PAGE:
For Carlos Aguilar, Monday changed from a day of uncertainty to a day of singing.
March 5 had for months been the deadline that Aguilar and thousands of other “Dreamers” were dreading: the last day for DACA, or the Deferred Action for Childhood Arrivals program, when undocumented immigrants who had come to the US as children would lose their protected status and become subject to deportation.
But a recent Supreme Court ruling has delayed the deadline, allowing Congress more time to come up with a way forward on the program.
“We’re still here,” said Aguilar, 27, a PhD student at the Harvard Graduate School of Education who moved to the United States from Mexico 12 years ago. “Our lives are not dictated by their confusion.”
The limbo continues for the Dreamers. But on Monday, at an event at Harvard called “A Day of Hope and Resistance,” sponsored by the Harvard DACA Seminar, it was a day for song, poetry, music, and discussion.
Inside the Harvard Memorial Church, professors and students, documented and undocumented, participated in a songwriting workshop, chanted to the tones of a violin, a piano, and a steady beat-boxing rhythm.
They called the song “Grito of our Generation,” or “Cry of our Generation.”
“Activated by fire. Driven by desire. Power to conspire,” the lyrics read. “The world we inspire. We gotta grow like a garden. They try to make us target. Others are driven by greed, we start planting our seeds.”
The event featured South Bronx-based bilingual rap crew Rebel Diaz on hip-hop and immigration; a gallery presentation by undocumented, queer artist Julio Salgado; a Know Your Rights workshop; and performances by Grammy-winning composer and bassist Esperanza Spalding and Quetzal, an East L.A. Chicano rock group.
“Where does culture and creativity play a role in empowerment especially for immigration rights?” asked Melissa Castillo-Garsow, a post-doctoral fellow in the Charles Warren Center for Studies in American History and one of the organizers. “I think it’s really important to see migrants as more than just people who are a legal issue but as three-dimensional people who have creative and artistic lives.”
The Trump Administration gave Congress a March 5 deadline to decide what to do with young undocumented immigrants who’d arrived in the United States before the age of 16 and who were granted renewable work permits under the Obama Administration along with stays of deportation.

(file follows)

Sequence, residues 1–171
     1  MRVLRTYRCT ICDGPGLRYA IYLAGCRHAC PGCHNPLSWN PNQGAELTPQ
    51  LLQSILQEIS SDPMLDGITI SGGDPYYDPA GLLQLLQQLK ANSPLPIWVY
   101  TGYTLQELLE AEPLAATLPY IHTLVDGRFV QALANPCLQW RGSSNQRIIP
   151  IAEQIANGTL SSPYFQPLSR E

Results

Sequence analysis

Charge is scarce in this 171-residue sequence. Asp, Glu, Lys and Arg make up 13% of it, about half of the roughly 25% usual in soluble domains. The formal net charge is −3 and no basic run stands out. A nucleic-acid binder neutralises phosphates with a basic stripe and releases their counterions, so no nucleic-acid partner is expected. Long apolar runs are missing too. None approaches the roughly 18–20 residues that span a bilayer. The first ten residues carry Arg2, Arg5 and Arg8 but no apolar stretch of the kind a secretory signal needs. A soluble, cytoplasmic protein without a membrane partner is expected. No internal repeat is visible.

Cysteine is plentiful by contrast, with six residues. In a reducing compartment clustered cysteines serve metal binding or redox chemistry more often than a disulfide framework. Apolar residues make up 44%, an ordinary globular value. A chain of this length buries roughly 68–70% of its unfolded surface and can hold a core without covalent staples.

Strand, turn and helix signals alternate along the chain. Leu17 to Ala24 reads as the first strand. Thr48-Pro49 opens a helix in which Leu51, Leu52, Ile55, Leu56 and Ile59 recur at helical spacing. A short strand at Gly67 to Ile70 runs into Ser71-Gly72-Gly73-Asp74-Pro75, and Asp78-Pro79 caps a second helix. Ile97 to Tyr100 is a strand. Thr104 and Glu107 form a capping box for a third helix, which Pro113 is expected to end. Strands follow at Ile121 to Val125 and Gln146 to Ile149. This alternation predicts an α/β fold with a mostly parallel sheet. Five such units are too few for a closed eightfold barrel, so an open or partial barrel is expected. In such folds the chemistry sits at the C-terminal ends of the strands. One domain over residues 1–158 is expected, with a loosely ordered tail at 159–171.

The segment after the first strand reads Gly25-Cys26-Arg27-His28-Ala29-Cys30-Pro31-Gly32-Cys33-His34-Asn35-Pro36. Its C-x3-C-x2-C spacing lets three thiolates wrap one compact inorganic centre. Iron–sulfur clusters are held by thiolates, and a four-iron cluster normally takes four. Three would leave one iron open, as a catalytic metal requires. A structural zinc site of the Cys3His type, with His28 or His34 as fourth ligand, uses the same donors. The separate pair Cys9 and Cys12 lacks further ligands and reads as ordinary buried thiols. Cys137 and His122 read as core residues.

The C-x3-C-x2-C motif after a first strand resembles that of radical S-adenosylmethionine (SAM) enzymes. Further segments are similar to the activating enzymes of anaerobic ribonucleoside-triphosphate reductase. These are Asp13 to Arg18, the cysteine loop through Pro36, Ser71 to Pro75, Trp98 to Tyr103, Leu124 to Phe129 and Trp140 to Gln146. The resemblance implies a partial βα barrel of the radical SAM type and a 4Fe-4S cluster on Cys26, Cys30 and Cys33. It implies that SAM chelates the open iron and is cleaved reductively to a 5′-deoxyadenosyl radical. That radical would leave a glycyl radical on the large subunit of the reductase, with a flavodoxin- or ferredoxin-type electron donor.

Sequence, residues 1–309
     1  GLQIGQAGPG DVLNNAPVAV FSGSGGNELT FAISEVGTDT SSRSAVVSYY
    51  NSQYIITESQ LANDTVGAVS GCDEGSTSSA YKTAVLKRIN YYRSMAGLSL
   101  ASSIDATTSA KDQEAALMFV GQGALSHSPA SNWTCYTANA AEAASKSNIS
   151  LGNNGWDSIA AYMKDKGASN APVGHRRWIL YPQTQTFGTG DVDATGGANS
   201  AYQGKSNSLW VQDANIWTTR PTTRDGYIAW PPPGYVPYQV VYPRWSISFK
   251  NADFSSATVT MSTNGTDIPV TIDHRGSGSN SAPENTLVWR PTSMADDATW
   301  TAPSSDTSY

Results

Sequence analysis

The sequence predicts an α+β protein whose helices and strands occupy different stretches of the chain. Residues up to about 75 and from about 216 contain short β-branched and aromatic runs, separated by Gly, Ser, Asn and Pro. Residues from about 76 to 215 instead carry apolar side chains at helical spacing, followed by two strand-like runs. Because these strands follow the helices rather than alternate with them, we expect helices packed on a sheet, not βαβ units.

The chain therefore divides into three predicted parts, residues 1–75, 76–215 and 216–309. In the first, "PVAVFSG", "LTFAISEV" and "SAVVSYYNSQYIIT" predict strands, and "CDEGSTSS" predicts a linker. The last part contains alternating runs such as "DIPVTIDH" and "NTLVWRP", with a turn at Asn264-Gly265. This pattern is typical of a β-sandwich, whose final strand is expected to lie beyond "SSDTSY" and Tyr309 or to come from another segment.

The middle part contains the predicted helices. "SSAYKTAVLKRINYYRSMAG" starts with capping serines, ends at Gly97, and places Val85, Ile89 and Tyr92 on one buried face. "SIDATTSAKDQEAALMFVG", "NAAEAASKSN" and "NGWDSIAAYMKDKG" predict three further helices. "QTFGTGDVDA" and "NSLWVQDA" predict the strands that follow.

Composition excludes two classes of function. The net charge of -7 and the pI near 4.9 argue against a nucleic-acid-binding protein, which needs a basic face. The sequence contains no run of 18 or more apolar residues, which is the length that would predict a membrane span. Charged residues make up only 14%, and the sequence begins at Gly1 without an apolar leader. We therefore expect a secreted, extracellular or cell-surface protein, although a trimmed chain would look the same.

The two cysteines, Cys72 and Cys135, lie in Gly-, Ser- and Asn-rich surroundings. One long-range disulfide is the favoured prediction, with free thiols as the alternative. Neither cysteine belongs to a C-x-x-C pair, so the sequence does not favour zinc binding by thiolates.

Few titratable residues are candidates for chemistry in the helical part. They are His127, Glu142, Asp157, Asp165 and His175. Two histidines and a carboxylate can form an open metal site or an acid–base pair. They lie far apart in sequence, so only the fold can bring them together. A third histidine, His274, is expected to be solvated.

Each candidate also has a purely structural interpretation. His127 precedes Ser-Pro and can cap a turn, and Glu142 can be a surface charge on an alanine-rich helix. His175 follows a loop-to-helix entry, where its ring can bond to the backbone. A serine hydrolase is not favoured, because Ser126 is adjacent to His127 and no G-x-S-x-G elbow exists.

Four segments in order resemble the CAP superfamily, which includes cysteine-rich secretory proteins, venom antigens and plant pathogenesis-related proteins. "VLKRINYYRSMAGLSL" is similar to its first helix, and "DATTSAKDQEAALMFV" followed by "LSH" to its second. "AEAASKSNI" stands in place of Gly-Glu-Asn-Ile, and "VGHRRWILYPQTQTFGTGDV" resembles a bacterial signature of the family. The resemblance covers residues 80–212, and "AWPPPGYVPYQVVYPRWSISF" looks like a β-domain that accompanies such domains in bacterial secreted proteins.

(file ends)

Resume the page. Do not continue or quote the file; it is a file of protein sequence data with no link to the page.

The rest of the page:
Congress has taken no action. If DACA had been rescinded Monday, an average of 915 DACA recipients a day would lose their protection from deportation and work authorization, according to the Migration Policy Institute.
The DACA seminar, which sponsored the event, was founded by three Harvard professors as a way to delve into questions of immigration policy, deportation, and what the termination of DACA and Temporary Protected Status could mean for young people and communities.
“Though I remain hopeful that something can be done to move us to a more permanent solution for these young people and their families,” said Roberto Gonzales, a professor of education at Harvard University, who conducted one of the largest studies of the undocumented youth experience in the country. He said there are nearly 100 DACA recipients enrolled at Harvard as undergraduate and graduate students.
‘I think it’s really important to see migrants as more than just people who are a legal issue but as three-dimensional people who have creative and artistic lives.’
“I’m also aware that’s not going to happen without grassroots involvement,” Gonzales continued, “without organizing, without young people lifting their voices, without community members actively involved in working toward a just solution for immigrant families in this country.”
DACA recipient and Harvard graduate student Alma Valverde, 27, said as a little girl she always thought if people knew her immigration status they wouldn’t like her. It’s something she kept hidden away. But her heritage makes her proud. As a Mexican-American, she’s both and neither. Ni de aqui, ni de alla, not from here nor from there.
“I’m graduating from Harvard with a Harvard degree,” Valverde said. “I think I have a lot of options. Once we have the degree, once we have the experiences, once we have the knowledge, even if we are deported we still take that with us and we will still make change.”Cristela Guerra can be reached at firstname.lastname@example.org